Henry Washington Hilliard, an author, a lawyer and congressman, was born in Cumberland County, NC, 4 August 1808. The family relocated to Columbia, SC, and he graduated from South Carolina College in 1826. He read law in Columbia and in Athens, GA, being admitted to the bar at Athens in 1829. He also served as a professor of English literature at the University of Alabama for three years. Resigning, Hilliard moved to Montgomery and opened a law parctice. He also entered politics, representing the county in the state legislature, and he was on the William Henry Harrison electoral ticket. He ran for Congress and was defeated, but he accepted as a reward for loyal service a mission to Belgium; he was abroad for two years. He ran again for Congress in 1845 and was elected for three successive terms. Declining further time in Congress, Hilliard resumed his law practice, occassionally serving as a preacher with the Methodist Church. He was well known as an anti-secessionist, but when President Lincoln called for volunteers to put down the South, he began to support the Confederate government.
Hilliard was sent as the Commissioner of the Confederate States to treat with Tennessee and persuade them to secede. On 24 April 1862, Hilliard was commissioned a colonel and authorized to recruit a "legion" of about 3,000 men for Confederate service. The command was divided into a cavalry battalion, three infantry battalions, and one artillery battalion which served mostly as infantry. Hilliard's principal service was in East Tennessee during the latter part of 1862. He resigned his commission on 1 December 1862 to turn his attention to personal affairs. He returned to Montgomery and the practice of law.
Following the war, Hilliard resided in Atlanta, GA, and practiced law. He tried to run for Congress in 1876, but lost, and he served as U.S. Minister to Brazil (1877-1881) at a time when Brazil was dealing with the issue of the emancipation of slaves. He returned home to Atlanta in 1881 and died there, 17 December 1892. As an author, he was best known for his reminiscences, Politics and Pen Pictures at Home and Abroad (1892).
Jack Thorington was born in County Armagh, Ireland, in 1810. His family moved to Montgomery, AL, from Ireland, when he was eighteen. The ship carrying his family arrived at New Orleans in January 1828, and they then journeyed to Montgomery where an older brother practiced law. Initially, he entered the mercantile business. About 1834, he became a lawyer; three years later, he was elected a director of the State Bank’s Montgomery branch. In 1837, Thorington refused the office of Intendant (Mayor) when it was offered to him by the Town Council. After Montgomery was granted its city charter in 1839, Thorington was elected the second mayor of Montgomery. Two years later he opened a law practice with Henry W. Hilliard [q.v.]. By 1850, Thorington organized the Wetumpka Plank Road Company.
On 24 April 1862, Thorington was elected Lt. Col. of Hilliard’s Legion. When the Legion was organized into battalions in June 1862, he was named commander of the 1st Battalion and the Legion’s senior Lt. Col. Thorington served mainly in East Tennessee in 1862 and 1863. When Col. Hilliard resigned in December 1862, Thorington was promoted to Col. and succeeded him as commander of the Legion.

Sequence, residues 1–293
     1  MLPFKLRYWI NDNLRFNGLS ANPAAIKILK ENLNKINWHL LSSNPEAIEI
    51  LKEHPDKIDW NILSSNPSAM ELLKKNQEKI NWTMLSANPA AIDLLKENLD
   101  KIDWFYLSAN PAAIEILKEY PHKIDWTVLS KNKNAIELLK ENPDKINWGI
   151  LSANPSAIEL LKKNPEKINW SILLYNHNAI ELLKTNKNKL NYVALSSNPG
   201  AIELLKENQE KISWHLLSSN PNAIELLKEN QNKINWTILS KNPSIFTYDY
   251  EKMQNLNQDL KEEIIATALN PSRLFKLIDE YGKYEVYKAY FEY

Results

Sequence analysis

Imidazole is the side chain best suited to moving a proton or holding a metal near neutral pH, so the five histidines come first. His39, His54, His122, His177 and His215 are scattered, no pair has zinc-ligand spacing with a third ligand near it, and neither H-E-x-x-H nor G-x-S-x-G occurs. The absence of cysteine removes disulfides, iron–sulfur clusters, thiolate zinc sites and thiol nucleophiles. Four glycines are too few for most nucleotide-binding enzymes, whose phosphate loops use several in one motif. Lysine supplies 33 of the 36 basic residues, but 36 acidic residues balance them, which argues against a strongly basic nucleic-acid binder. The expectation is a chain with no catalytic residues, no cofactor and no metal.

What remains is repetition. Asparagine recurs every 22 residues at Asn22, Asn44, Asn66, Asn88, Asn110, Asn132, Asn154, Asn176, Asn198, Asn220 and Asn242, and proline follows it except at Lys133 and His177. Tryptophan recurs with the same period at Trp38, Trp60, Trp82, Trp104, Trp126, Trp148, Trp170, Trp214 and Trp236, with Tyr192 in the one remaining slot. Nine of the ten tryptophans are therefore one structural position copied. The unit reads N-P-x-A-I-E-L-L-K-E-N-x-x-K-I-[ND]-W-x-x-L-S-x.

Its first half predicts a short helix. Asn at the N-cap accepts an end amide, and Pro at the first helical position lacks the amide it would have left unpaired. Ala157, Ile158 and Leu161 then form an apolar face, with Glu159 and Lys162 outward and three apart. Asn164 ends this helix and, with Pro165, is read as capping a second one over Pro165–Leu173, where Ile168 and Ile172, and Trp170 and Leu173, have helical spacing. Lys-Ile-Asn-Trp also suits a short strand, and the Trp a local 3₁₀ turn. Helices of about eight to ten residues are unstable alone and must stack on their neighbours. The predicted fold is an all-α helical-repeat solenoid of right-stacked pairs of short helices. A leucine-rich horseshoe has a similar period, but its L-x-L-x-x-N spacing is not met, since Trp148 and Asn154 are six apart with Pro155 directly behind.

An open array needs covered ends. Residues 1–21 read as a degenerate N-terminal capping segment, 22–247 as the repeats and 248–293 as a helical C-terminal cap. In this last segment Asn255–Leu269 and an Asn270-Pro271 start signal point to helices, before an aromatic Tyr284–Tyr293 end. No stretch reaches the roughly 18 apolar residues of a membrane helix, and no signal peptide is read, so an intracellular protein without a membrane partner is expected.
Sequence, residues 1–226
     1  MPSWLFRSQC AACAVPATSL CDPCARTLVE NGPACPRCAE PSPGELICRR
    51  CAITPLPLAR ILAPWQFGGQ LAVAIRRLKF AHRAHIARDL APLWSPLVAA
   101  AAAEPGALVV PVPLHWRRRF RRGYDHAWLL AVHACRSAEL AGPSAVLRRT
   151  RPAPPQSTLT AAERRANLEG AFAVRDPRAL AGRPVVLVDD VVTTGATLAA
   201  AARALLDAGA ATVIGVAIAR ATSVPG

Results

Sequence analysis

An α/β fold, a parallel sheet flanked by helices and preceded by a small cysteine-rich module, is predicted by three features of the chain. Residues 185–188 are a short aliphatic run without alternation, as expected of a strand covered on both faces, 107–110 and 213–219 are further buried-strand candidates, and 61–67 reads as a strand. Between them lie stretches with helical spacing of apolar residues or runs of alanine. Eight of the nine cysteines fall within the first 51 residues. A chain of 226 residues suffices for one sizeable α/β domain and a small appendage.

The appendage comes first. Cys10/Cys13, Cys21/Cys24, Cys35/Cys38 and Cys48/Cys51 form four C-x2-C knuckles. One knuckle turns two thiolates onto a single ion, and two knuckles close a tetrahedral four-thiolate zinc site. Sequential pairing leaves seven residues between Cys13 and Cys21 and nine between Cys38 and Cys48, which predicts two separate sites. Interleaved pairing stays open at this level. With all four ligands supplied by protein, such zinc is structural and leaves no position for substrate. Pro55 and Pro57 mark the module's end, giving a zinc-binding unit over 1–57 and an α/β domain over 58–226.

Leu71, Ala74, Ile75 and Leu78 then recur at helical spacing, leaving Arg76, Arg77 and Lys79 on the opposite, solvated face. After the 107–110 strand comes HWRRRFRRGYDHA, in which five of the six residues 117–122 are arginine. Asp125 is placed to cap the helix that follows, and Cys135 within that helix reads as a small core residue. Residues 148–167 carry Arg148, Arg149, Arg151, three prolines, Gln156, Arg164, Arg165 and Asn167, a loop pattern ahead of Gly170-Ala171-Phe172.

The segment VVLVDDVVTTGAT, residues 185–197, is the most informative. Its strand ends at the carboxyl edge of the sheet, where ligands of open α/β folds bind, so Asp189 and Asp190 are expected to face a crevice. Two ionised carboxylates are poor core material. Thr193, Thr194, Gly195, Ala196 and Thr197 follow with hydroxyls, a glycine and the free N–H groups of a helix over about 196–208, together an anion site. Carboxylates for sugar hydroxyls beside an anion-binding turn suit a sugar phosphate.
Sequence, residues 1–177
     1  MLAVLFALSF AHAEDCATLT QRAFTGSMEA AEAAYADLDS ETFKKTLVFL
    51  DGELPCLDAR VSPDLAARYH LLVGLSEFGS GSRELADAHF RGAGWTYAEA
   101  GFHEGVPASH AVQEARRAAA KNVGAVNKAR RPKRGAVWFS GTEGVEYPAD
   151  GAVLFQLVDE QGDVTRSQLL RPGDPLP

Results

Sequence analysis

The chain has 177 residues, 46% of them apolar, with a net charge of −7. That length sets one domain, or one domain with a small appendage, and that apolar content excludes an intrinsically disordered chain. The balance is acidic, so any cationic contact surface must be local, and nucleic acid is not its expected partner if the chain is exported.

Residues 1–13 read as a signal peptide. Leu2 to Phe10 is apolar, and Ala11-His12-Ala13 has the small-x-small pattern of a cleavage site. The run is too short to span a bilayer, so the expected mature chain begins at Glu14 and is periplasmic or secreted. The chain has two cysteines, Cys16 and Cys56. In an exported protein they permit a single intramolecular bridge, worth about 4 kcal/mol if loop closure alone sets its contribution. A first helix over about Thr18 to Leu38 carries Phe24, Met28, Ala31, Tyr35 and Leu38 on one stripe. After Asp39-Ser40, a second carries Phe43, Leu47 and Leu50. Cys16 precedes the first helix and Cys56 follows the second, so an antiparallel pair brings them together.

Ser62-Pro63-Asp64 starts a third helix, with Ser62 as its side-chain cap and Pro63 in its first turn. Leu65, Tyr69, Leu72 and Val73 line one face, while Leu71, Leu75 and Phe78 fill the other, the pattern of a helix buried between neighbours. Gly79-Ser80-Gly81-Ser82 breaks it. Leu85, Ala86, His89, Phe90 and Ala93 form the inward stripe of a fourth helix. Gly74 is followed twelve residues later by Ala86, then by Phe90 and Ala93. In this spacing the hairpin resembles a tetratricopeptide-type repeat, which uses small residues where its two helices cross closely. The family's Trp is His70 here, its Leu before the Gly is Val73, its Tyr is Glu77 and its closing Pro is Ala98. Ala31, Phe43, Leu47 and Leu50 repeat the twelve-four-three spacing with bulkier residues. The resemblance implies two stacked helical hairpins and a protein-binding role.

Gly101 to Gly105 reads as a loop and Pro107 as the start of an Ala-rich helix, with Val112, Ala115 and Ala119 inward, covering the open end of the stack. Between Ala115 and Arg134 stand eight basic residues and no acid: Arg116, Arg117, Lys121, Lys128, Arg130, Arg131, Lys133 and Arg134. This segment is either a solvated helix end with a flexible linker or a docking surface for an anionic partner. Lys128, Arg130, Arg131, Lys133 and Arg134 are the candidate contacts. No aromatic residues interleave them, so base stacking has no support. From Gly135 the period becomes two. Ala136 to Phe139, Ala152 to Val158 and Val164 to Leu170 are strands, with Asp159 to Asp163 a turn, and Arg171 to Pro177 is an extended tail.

Following his resignation, due to failing health, on 19 November 1863, at 53 years of age, Thorington returned to the practice of law in Montgomery where he died in 1871. [Biographical sketch, and editorial assistance, provided by R. D. Thorington, Montgomery, AL]
1st Battalion | 2nd Battalion | 3rd Battalion | 4th Battalion [Artillery] | 5th Battalion [Cavalry]
Hilliard's Legion was organized at Montgomery, 25 June 1862, with one artillery, one cavalry, and three infantry battalions, consisting of about 3,000 men, all engaged in training and drill until the 8th of July. On that date, the Legion was transported through Atlanta to Chattanooga where it remained about 3 weeks. Then, Hilliard's Legion was armed and continued with training. [The 5th Cavalry Battalion was detached within months and transferred to the 10th Confederate Cavalry Regiment, 30 Dec 1862. The artillery arm, the Fourth Battalion, was also detached. Part of this battalion, Company "C", was redesignated as an independent artillery [Kolb's] battery.]
On 4 August 1862, the Legion was moved to Knoxville, and it began its first march, to Tazwell, 41 miles, on the 14th. The Legion then moved up and was assigned first to Brigadier Gen'l John Porter McCown's Brigade, Dept. of East Tennessee, in which it served at the siege of Cumberland Gap, then held by Union forces under Gen'l G. W. Morgan. The Gap was occupied on 17 September, and the Legion remained in place for two weeks. Then, on 2 October, it began what would extend through the fall and winter, CS Gen'l Braxton Bragg's Kentucky [and East Tennessee] Campaign. The Legion advanced about 150 miles, bringing up the rear of Bragg's forces. After the Battle of Perryville, the Legion was again in the rear, arriving again at Cumberland Gap in late October, 1862.
On the 4th of November, the command was moved through Knoxville to Loudon, then to Bridgport, AL, and back to Knoxville by the 25th. At this point, the several battalions of the Legion went into winter quarters, at different stations around Cumberland Gap.